KSL Execs Took $3 Million in Company Loans16 Oct, 2013 By: Doug McPherson
ENCINO, Calif. – More ugly details have emerged in KSL Media’s bankruptcy proceeding: first, there was a report of a former controller who allegedly bilked millions from the company. Now MediaPost News says KSL still had enough cash to give top two executives large loans in what appear to be the company’s final months.
One exhibit KSL filed says founder Kal Liebowitz got a loan of $2.8 million and former CEO Hank Cohen took a loan of $207,000; both loans were listed as accounts receivables. The Chapter 11 documents don’t provide further details about the loans, including when they were made, how much, if any of the borrowed money was paid back or what if any interest terms are attached to the loans.
Other documents filed show that during the company’s last year in business, Liebowitz received nearly $1.1 million in payments from the company, including a twice-monthly salary of $22,750. And Cohen, who along with Liebowitz is listed as a “partial owner” of the company, received total payments of more than $922,000, including a twice-monthly salary of $24,750.
Meanwhile, other employees didn’t fare as well when KSL closed a month ago. MediaPost News says one former staffer says employees were told to attend an 11 a.m. meeting, where a bankruptcy attorney told them their jobs were gone. Staffers were then given their final paychecks and told to leave within an hour.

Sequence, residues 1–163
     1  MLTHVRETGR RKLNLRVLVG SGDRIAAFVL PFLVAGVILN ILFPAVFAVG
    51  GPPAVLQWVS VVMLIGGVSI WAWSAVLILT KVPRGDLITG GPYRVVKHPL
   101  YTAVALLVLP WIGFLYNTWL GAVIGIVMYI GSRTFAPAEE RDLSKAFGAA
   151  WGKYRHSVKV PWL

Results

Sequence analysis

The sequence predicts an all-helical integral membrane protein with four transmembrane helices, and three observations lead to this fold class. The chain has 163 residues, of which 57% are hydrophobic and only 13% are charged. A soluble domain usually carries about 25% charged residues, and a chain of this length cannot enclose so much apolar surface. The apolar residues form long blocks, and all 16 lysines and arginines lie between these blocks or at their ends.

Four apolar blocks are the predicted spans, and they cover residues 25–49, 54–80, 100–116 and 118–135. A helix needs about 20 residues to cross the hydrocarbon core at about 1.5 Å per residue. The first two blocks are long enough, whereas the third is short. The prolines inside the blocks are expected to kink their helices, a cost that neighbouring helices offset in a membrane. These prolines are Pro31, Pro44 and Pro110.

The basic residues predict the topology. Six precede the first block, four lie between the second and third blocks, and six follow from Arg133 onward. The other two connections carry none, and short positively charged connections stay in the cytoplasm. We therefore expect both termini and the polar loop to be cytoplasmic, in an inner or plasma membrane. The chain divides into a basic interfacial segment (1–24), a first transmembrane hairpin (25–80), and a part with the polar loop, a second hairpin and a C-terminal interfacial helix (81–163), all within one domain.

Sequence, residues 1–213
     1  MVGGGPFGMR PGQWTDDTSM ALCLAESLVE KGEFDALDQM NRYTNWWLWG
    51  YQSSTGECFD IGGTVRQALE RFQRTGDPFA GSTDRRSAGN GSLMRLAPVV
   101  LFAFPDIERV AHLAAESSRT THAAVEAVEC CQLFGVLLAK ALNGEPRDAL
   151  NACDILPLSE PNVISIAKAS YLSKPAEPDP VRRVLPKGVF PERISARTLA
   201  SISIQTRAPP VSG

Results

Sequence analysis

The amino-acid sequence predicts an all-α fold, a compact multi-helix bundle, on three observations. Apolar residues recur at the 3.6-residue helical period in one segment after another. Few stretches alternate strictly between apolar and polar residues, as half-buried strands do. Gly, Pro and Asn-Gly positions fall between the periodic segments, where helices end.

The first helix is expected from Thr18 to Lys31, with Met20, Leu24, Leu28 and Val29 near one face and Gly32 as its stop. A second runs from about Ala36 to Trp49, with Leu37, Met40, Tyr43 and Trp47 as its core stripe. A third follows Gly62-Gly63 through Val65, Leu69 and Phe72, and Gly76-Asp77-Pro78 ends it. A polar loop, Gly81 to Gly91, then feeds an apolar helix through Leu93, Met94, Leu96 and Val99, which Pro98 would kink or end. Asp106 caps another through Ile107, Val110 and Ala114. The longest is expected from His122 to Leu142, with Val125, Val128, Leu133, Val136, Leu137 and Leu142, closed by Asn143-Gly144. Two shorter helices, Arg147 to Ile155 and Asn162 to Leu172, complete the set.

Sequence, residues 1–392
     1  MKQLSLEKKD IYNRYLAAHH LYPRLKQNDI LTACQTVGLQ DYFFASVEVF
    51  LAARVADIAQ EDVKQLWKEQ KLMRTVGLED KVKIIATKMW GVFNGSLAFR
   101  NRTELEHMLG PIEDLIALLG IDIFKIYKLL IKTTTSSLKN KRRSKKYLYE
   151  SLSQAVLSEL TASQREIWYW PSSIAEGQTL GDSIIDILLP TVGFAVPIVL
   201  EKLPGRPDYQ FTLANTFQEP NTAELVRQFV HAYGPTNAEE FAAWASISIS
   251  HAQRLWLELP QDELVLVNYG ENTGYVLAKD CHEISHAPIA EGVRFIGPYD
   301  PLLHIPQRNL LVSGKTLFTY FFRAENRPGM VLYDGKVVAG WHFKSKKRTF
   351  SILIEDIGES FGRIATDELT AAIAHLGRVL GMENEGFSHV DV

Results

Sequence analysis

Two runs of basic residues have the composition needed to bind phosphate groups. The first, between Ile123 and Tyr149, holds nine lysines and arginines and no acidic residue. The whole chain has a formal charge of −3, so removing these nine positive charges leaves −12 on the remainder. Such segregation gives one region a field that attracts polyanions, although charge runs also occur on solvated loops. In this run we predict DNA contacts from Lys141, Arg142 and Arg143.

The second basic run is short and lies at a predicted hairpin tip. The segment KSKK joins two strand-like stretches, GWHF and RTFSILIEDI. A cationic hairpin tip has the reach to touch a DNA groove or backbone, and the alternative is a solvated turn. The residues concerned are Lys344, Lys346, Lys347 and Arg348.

That source added that a month before operations closed, Liebowitz told staffers that “we’re going to be fine.” But bankruptcy documents show that by that time Liebowitz had decided to shutter the company.
When KSL lost the Bacardi account (the company’s largest, with $130 million in annual spending) in May, the source said the company became paralyzed. After that, the source said, “Hank was missing in action. He was never around and was always said to be traveling. Kal showed up once or twice in the last four months. There was no leadership. Lots of weird stuff was happening.”
KSL has reported it will take about six months to reconcile its accounts to determine exact amounts it owes. After that, payments will be made on “account of allowed unsecured claims of 67 percent of the available cash.”